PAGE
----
While this engagement is crucial to build trust, it’s important not to set unrealistic expectations with your words. Don’t make promises that you might not be able to keep like “We’ll know within the hour” or “I’ll get to it ASAP.” This language makes it too easy to overpromise and underdeliver, which can be annoying from a customer’s perspective.

It’s more important to be honest and don’t make commitments on time-frames. Instead, use a phrase like “I appreciate you bringing this to our attention; we will deal with it quickly” to reassure them that you are on it.

Positive & Empowering Language

Using positive and empowering language is essential because it increases the customer’s perspective of helpfulness and how much trust they have in you. While this seems obvious, it’s very easy to skip especially when you’re using a chat system and trying to be succinct or get to the problem right away.

With positive language, you are setting the tone of your conversation, letting them know you’re happy to help and not too busy for them.

It’s also important to make sure you avoid negative statements throughout your discussion (even if what they did was done incorrectly). The way you speak can make all the difference here, since you don’t want to come off as condescending. Instead, try to redirect the conversation by focusing on the solution and not what they should have done instead. 

Keeping it Simple

It’s really easy to start off a conversation using jargon and internal terms you use to describe your product. But the truth is, what you say may not mean much if you’re speaking to a new customer.

The more simple you can keep your explanations, the better off you’re going to be. Don’t put out fluff, and focus on being concise when solving a customer’s problem. There is no need for a long-winded response, just try to be as short as possible so you can both save time.

Being brief also doesn’t have to mean that you have to be rude. Through positive language and active listening, for example, that you can respond to them and not sound like you’re trying to shoo them away.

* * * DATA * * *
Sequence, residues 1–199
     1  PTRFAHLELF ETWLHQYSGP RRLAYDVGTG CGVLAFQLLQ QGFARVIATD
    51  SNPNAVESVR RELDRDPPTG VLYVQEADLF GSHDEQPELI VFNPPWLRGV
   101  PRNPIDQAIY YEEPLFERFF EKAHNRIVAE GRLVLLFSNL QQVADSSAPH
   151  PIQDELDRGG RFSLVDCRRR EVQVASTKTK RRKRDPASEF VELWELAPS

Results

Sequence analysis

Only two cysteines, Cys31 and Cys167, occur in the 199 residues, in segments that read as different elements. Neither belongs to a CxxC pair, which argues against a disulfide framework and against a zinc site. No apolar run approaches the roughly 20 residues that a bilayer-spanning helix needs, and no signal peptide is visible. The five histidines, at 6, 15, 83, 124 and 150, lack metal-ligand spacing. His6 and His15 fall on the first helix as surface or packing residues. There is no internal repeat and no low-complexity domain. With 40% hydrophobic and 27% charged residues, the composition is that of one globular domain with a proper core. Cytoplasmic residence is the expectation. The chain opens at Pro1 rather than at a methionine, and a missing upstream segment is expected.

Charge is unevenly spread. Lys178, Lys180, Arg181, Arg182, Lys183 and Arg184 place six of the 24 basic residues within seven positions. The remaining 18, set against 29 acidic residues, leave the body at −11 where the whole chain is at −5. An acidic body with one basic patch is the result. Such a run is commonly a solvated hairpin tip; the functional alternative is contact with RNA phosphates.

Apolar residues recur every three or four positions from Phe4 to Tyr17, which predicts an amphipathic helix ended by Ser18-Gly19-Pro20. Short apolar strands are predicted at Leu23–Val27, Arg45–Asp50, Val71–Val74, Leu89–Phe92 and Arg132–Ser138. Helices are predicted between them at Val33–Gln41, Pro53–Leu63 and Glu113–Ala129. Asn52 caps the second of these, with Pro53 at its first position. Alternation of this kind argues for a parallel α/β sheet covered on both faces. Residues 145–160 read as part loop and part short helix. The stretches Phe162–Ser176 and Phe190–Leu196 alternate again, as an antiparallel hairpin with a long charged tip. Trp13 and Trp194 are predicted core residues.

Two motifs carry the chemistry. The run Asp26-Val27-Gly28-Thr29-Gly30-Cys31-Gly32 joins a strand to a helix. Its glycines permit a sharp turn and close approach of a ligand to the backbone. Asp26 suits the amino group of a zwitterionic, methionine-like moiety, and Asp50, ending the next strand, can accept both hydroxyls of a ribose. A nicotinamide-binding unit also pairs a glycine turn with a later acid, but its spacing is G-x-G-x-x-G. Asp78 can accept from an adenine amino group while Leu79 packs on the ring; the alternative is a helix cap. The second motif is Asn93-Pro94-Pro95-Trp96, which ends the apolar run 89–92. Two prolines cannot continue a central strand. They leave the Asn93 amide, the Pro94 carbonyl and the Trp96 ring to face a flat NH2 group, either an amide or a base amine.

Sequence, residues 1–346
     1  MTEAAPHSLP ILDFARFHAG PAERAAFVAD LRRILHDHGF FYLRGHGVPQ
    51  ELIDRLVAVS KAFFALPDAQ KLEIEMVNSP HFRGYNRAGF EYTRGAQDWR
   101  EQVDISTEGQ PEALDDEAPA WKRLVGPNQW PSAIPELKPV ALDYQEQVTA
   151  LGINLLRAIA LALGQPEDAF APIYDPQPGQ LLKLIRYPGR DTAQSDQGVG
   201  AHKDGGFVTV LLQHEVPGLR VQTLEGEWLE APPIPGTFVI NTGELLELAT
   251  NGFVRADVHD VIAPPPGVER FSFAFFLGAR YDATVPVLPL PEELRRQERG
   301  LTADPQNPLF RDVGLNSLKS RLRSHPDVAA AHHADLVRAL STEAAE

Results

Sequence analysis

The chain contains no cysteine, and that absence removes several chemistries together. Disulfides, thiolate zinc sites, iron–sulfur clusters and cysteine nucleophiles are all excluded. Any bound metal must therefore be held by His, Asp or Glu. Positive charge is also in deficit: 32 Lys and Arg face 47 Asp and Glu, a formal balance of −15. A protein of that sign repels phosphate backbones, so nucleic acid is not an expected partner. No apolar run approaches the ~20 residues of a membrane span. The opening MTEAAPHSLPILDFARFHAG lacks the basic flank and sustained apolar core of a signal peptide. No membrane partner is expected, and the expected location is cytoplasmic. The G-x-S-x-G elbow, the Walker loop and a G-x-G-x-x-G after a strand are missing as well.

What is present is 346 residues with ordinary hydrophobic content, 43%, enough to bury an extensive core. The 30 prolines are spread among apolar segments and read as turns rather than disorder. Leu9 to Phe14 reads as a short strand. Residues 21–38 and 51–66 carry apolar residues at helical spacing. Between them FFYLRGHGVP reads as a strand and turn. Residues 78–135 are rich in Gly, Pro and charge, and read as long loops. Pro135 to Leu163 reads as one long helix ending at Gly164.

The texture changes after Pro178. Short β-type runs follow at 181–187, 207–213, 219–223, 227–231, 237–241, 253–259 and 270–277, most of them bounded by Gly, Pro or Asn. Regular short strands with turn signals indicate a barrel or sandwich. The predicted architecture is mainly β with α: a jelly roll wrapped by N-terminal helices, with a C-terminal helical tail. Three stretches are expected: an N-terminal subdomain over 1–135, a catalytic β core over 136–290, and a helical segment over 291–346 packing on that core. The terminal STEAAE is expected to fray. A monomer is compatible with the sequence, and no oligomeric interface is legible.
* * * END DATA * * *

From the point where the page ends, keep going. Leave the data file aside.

And Finally: A Committed Close

The last key step is to have a committed closing statement, one that outlines what you’re going to do next and reinforces your willingness to help them out again. This can be as easy as saying “feel free to reach out if you need anything else.”

What Customer Empathy Does NOT Mean

While you want to be positive, empowering and encouraging, you don’t want to spend all your time with one user. Especially, if the problem is something a customer can self solve using a resource like help documentation. 

The goal is not for you to give away paid support services for free. Instead you should aim to be as efficient as you can in responding and empower them with the tools to solve a problem on their own. As long as you don’t come across as abrupt or negative, it’s good to push things back on a customer whenever you can. This way, you can save time and your customer might be more likely to troubleshoot on their own the next time.

ShipperHQ and Customer Empathy

The reality today is that every message you put out needs to be thought through and genuine. You need to be able to meet customers where they are and look at the world from their perspective. If you have genuine care and concern for your customers, it will come through to them.

That’s how we’ve tried to approach our business from day one, and even more so now that everything has changed. Our desire is to help our customers navigate changing policies and a tough retail landscape. That’s why early on we reached out to our customers about getting store pickup setup online as social distancing policies took place.

It’s also why we’ve been sharing new blogs over the past month discussing resources for merchants, like local delivery and same day delivery, as well as other tips for those wanting to go digital for the first time. 

Here are a few of the resources we put out: 

The intention behind all of this is simply to let our customers know we are here for them – and that we want to help them keep their lights on throughout this time of uncertainty. We are grateful for the response we’ve received so far. It makes all of this worth it. 

“Even though we are mainly an online business, we do have customers daily at our store to take advantage of all that we offer. With ShipperHQ making the Local Pickup option available to use, we feel we are at least doing our best we can at this time for our local customers.”

Sid Kreis, Seyberts Billiard Supply

For many businesses like this, we are their shipping experts and they come to us to find answers to challenges they are facing. When we say we’re in this together, we mean it.

We are more than happy to be a part of your eCommerce journey too and take your businesses shipping needs where they need to be, if you’re struggling. Because at the end of the day, like we’ve mentioned before, we’re all just people. And reminding yourself of this fact by embracing empathy is always worth it (take it from us).